The Terminator blasted through China on a whirlwind tour (after Beijing, he and his sizeable entourage visited the coastal city of Shanghai and southern China's Shenzhen) for Special Olympics, an international organization that hosts sports programs for people with mental retardation. Launched in 1985, China's branch of Special Olympics serves 50,000 youngsters who enjoy the same sporting events as participants in 160 other nations. However, the Chinese chapter has ambitious goals. Within four years, China hopes to expand programming to half a million children.
Even so, that would only meet a fraction of the need. Based on worldwide norms, China might be expected to have 20 million people with mental retardation. Despite massive outreach, especially in recent years, official estimates say China's special schools serve only an estimated 360,000 children and adults in need nationwide.
In this way, the screening of "Terminator 2," might not seem such an unlikely opening night choice. After all, the story is about a heroic strongman who travels back in time to protect a young boy who is in horrible danger.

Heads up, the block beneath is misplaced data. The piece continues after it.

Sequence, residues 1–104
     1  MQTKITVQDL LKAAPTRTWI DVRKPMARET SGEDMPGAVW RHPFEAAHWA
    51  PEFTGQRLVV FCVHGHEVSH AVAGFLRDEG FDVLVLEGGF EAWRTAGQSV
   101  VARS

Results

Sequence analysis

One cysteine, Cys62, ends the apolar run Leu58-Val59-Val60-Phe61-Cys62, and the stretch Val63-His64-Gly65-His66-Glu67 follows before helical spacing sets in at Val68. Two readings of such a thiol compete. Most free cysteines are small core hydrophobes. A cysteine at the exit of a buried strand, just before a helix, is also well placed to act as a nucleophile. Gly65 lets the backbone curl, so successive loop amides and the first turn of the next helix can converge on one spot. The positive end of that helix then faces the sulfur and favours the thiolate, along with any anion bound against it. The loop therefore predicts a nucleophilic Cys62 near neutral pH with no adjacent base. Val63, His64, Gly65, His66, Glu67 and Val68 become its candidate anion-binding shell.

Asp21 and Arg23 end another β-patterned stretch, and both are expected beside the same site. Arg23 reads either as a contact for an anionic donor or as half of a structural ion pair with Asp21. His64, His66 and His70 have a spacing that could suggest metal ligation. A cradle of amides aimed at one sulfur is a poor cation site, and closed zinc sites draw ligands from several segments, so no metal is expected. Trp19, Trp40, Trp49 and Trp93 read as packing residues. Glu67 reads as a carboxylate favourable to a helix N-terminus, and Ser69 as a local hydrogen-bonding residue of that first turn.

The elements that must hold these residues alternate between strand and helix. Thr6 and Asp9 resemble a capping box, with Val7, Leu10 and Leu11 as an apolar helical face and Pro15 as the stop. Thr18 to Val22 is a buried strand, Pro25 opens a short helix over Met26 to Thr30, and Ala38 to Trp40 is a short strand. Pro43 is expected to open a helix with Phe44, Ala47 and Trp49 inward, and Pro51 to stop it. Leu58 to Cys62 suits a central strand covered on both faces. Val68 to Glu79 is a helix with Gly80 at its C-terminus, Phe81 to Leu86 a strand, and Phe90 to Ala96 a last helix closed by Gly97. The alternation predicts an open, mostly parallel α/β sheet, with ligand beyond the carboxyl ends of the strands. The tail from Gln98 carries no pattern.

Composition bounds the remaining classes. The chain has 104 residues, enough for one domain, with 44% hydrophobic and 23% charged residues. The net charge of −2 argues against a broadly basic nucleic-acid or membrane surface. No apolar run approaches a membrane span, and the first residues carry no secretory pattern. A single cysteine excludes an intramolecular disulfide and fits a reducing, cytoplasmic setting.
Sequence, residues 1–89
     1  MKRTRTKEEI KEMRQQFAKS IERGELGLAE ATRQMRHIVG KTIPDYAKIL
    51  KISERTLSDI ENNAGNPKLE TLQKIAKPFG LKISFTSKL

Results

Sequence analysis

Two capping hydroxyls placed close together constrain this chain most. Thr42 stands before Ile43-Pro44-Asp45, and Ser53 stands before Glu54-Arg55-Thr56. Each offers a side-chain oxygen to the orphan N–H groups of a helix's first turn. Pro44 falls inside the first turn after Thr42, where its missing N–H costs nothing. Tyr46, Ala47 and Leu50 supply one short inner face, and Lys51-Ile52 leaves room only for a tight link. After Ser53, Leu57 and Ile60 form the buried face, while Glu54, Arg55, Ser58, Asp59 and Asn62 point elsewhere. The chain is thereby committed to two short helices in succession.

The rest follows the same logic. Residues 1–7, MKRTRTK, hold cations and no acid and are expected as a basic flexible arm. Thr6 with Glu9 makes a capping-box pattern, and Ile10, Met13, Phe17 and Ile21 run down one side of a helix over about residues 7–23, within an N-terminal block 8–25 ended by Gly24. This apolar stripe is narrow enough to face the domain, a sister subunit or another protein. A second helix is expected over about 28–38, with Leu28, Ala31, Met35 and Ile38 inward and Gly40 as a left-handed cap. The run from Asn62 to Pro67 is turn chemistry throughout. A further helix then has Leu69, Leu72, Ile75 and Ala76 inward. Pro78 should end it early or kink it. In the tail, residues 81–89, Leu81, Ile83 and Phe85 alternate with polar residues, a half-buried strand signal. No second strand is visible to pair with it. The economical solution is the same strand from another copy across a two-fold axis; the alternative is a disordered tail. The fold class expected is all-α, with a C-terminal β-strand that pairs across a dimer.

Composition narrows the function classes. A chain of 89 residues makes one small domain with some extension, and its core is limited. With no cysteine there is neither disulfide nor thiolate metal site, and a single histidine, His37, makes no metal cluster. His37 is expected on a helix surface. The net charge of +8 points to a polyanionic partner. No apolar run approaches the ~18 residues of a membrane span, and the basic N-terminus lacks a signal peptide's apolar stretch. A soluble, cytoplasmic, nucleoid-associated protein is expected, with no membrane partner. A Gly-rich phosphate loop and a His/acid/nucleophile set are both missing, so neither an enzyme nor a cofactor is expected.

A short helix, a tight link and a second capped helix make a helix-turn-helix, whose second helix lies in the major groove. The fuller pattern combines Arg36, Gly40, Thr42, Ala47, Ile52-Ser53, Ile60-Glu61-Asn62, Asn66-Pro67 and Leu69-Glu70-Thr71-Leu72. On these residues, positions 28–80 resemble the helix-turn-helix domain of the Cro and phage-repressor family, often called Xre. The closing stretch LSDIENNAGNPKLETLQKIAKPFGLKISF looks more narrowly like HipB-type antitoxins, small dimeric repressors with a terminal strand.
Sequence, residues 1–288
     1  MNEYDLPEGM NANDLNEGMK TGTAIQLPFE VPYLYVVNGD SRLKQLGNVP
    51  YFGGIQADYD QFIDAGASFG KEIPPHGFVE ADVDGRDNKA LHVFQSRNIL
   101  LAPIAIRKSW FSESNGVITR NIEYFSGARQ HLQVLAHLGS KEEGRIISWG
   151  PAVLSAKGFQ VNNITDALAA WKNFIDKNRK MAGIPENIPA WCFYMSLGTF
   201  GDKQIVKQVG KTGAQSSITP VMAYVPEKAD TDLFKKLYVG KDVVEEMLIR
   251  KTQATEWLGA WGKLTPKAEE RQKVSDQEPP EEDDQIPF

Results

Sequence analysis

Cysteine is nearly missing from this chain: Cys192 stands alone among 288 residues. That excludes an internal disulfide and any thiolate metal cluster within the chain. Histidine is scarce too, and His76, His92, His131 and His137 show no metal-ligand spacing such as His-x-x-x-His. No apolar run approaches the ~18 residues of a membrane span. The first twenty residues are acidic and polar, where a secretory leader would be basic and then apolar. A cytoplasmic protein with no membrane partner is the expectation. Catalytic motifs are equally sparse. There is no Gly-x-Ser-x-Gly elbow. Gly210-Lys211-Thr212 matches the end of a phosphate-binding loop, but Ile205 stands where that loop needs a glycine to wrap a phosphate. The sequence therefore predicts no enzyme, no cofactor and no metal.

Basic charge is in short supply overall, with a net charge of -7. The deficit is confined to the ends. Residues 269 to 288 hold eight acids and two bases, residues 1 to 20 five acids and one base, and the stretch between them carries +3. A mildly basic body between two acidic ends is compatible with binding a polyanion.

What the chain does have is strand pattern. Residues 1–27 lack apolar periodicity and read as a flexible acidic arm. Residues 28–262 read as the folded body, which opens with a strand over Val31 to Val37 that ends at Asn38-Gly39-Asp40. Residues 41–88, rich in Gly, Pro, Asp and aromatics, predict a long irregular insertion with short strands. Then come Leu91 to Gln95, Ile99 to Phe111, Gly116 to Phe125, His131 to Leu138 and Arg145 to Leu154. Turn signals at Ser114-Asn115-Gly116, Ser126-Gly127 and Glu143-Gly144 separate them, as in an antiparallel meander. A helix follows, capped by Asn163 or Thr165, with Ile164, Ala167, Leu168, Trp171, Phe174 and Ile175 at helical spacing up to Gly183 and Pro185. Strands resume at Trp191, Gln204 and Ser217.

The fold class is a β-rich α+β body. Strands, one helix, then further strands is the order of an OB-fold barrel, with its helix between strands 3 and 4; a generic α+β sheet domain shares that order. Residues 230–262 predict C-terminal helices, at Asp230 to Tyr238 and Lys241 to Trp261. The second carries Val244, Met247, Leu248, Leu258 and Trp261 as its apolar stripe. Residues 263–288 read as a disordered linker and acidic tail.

"I've been all over the world," said Schwarzenegger, as he met officials at the state guesthouse earlier in the day. "I've visited so many countries on behalf of Special Olympics over the years and seen the most amazing conditions. In some places, it's like the Dark Ages. Some kids with mental retardation are locked into hospitals. Some who are crippled are actually chained to wheelchairs."
Whether Schwarzenegger had China's abysmal record of human rights and hospital care in his trigger sights or not was uncertain, but the point of his message was clear. "Mental retardation shouldn't be any different than a knee injury," said the muscle man. "It's just another obstacle to overcome."
Arnie knows lots about overcoming obstacles and reaching goals. Born to a poor family in Austria, Schwarzenegger, 52, was a repeated Mr. Universe from the age of 20. Despite a much-ridiculed accent and stereotypical series of roles as Hollywood beefcake, he successfully stretched from cartoonish parts like Conan the Barbarian and exploded out of the action genre to become one of Hollywood's most bankable leading men.
He showed his comic streak often in China, especially when responding to
questions from curious fans and Chinese reporters. When one asked about the
secret of his successful marriage to Maria Shriver, a television newscaster who
is the niece of former President John F. Kennedy --- Arnie is a staunch
Republican supporter and fundraiser, he smiled and did the diplomatic
thing, deferring to his wife. Maria responded: "This would take up an